The Urban Trails Master Plan: Q&A with Austin Public Works Director Howard Lazarus

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The Austin City Council recently approved the Urban Trails Master Plan, which will help develop a connected and comprehensive system of urban trails and cycle tracks. To learn more about what that means for Austin residents, we sat down with Austin Public Works Director Howard Lazarus to talk about the new plan.

Q: Beyond the recreational aspect these trails will add, what will it mean from a utilitarian standpoint to have the urban trails plan in place?

A: The urban trails network is becoming an important component of our transportation network. The trails provide a safe and comfortable alternative for people on foot and people on bikes to reach their destinations, and to link-up to transit connections.  In some cases, the trails provide a parallel route to our busiest arterials, allowing the City to make decisions about which spaces to carve out for pedestrians and bicyclists and which to reserve for motor vehicles. Our urban trails are also built to be fully ADA-compliant, providing safe alternatives for our residents in wheelchairs for both transportation and recreation.

Q: Where are the trails envisioned, and what will determine where they go?

A: The trail network will create a system that connects the activity centers identified in the Imagine Austin plan, and will connect with regional trails provided by our partners in Travis and Williamson Counties, CTRMA, Cap Metro, and TxDOT. The trails will also align with the networks established in our Sidewalk and Bicycle Master Plans, creating a web of alternatives that complements the improvements being made on our roadways and transit systems.  As of today, trail projects that have either been recently completed or are in progress include the Ladybird Lake Boardwalk, the Southern and Northern Walnut Creek Trails, the Boggy Creek Trail, the Country Club Creek Trail, the Violet Crown Trail, the Austin-to-Manor Trail, the East-Line Trail, and the Oak Hill to Barton Creek (YBC) Trail. As each project is delivered, Austinites will have multiple options for local jaunts, regional trips, and fitness and recreation.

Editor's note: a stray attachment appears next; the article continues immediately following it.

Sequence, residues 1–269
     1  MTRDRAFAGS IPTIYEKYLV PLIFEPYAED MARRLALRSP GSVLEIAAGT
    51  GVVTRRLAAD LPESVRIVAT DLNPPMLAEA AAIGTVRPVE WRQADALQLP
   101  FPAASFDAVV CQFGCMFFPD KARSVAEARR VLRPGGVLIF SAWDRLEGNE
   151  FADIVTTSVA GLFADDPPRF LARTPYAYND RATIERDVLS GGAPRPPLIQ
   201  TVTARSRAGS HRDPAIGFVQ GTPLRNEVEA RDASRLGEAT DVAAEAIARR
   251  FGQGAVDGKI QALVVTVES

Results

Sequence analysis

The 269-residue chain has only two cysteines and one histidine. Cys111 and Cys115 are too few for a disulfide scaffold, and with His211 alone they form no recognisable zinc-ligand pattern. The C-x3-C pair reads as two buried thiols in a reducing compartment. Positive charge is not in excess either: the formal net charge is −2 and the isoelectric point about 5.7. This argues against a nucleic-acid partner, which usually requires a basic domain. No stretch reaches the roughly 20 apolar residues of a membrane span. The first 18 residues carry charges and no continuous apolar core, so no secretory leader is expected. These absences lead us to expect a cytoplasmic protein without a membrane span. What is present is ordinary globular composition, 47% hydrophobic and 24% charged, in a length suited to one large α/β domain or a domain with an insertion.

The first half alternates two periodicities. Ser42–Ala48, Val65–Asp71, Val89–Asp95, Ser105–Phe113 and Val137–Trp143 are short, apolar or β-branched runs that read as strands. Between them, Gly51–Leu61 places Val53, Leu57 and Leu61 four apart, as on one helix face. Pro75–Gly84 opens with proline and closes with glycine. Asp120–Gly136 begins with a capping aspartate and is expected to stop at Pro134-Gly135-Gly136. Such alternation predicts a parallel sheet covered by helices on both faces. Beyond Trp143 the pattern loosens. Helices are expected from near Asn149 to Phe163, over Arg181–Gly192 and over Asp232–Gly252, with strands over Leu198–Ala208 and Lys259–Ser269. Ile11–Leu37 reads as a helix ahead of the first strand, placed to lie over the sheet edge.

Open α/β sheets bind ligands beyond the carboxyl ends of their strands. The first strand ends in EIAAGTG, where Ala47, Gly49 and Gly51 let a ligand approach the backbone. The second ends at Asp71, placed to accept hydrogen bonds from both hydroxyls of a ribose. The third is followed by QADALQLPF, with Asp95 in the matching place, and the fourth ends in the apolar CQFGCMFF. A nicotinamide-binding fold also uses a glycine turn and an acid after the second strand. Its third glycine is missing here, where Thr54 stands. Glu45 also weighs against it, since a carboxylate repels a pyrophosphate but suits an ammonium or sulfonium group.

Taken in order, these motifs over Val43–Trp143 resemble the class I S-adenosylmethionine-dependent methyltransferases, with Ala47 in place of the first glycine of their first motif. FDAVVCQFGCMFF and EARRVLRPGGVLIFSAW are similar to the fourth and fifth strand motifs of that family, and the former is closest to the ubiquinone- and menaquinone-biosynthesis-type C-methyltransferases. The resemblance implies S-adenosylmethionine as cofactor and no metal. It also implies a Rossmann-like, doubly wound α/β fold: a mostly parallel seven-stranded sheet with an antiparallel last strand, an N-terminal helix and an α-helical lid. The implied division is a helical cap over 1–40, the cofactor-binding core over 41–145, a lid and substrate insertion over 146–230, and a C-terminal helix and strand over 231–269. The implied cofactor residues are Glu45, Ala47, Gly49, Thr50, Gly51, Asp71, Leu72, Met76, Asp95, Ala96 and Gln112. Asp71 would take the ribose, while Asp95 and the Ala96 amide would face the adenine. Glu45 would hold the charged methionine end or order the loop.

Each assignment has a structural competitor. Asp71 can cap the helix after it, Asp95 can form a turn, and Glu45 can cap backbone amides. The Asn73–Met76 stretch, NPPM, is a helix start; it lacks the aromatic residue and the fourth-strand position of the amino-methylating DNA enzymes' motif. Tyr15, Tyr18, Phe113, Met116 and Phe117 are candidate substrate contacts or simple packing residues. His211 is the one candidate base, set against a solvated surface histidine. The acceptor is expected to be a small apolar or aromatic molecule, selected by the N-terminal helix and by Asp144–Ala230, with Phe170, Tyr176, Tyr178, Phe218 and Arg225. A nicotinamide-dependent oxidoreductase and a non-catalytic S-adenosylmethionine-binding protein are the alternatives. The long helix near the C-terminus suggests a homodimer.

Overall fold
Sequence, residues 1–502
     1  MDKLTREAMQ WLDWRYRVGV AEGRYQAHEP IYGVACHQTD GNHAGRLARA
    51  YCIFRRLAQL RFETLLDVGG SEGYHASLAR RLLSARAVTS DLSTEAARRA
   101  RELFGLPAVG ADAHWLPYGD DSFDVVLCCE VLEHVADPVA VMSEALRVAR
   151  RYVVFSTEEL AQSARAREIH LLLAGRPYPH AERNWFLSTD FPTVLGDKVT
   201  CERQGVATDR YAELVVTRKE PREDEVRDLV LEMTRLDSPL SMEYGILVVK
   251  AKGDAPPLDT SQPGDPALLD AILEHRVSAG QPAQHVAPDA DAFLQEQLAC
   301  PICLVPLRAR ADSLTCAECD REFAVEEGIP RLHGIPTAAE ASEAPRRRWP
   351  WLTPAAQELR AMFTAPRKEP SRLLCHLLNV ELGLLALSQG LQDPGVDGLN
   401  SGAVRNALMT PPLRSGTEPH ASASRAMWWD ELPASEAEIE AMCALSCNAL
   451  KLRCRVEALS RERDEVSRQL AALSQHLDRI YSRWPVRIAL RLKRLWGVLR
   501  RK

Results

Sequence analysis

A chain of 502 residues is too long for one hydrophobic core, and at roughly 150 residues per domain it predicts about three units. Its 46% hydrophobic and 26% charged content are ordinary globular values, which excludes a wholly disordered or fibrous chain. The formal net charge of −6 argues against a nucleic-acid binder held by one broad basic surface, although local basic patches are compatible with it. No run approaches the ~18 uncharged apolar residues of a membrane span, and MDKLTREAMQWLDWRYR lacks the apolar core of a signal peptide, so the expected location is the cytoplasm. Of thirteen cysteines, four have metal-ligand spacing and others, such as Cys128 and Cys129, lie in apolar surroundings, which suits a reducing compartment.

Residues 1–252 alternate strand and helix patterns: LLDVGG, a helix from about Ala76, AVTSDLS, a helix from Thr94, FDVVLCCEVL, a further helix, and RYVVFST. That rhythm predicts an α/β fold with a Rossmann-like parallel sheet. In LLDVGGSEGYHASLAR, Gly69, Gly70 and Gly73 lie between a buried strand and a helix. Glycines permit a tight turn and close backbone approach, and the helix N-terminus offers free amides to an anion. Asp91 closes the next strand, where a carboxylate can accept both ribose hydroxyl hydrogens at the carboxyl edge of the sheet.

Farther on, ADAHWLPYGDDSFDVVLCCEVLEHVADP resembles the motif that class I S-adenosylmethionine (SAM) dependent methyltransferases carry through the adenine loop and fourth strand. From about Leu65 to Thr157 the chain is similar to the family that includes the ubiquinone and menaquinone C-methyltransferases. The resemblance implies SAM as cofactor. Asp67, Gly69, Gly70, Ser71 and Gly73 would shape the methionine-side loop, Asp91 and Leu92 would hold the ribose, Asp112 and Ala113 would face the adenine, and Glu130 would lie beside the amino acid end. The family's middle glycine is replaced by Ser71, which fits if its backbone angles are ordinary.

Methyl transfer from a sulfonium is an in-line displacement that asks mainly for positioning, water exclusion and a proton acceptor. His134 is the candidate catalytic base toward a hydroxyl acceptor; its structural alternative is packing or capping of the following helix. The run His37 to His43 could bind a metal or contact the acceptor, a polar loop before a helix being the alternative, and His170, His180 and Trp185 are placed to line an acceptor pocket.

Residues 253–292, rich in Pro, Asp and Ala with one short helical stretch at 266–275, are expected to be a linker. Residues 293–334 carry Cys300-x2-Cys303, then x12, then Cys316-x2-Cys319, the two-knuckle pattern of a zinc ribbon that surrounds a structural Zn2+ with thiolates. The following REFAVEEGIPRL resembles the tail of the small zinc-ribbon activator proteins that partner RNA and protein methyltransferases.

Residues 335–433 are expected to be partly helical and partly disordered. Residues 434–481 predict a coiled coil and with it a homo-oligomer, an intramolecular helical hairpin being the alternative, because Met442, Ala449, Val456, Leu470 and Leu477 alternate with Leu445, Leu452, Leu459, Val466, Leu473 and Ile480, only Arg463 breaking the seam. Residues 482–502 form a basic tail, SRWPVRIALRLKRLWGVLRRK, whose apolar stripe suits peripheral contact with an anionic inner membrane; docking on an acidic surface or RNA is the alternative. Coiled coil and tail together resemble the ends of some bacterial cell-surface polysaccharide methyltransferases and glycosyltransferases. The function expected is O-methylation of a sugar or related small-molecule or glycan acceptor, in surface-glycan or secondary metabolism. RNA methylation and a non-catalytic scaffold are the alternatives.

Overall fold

Q: What happens next from a Public Works standpoint, now that the plan has been approved?

A: Public Works will continue to work with our internal City partners (Parks and Recreation, Transportation, Watershed Protection, and the Police Department), regional agencies, neighborhood associations, developers, and conservation groups to develop both the Urban Trails Criteria Manual and the prioritized list of projects. The Urban Trails Criteria Manual will be one of the first of its kind nationwide, and will provide the technical guidelines for trail construction. The criteria will be context sensitive, and will incorporate the concerns of our stakeholders. Each project that is identified will go through an extensive outreach effort throughout the design process, and we will get as many trail projects “shovel-ready” as possible to take advantage of funding opportunities as they arise.

image via City of Austin

2 Responses to The Urban Trails Master Plan: Q&A with Austin Public Works Director Howard Lazarus

  1. Scott McHolland says:

    It sounds like, based on the comments above and from looking at the Image Austin bicycle plan, the Urban Trails Master Plan would allow me to ride my bike from my home at MoPac and Wm Cannon to a job in Downtown Austin using the Violet Crown Trail. However, the current Violet Crown Trail phase 1, which overlays the Barton Creek Trail, is a rustic trail and not ADA compliant nor is it a trail that can be used for transportation purposes. So, I don’t understand how the Violet Crown Trail can be considered an Urban Trail using the Public Works Department’s definition of an urban trail. Are there future plans for turning the Barton Creek/Violet Crown Phase 1 trail into an ADA compliant trail suitable for the transportation purposes you describe?
    Also, you make reference to the Oak Hill to Barton Creek Trail in your comments. I can’t locate any trail by the name in the Trail Directory. Can you direct me to a web location where the map of that trail is available?

    Thanks, Scott McHolland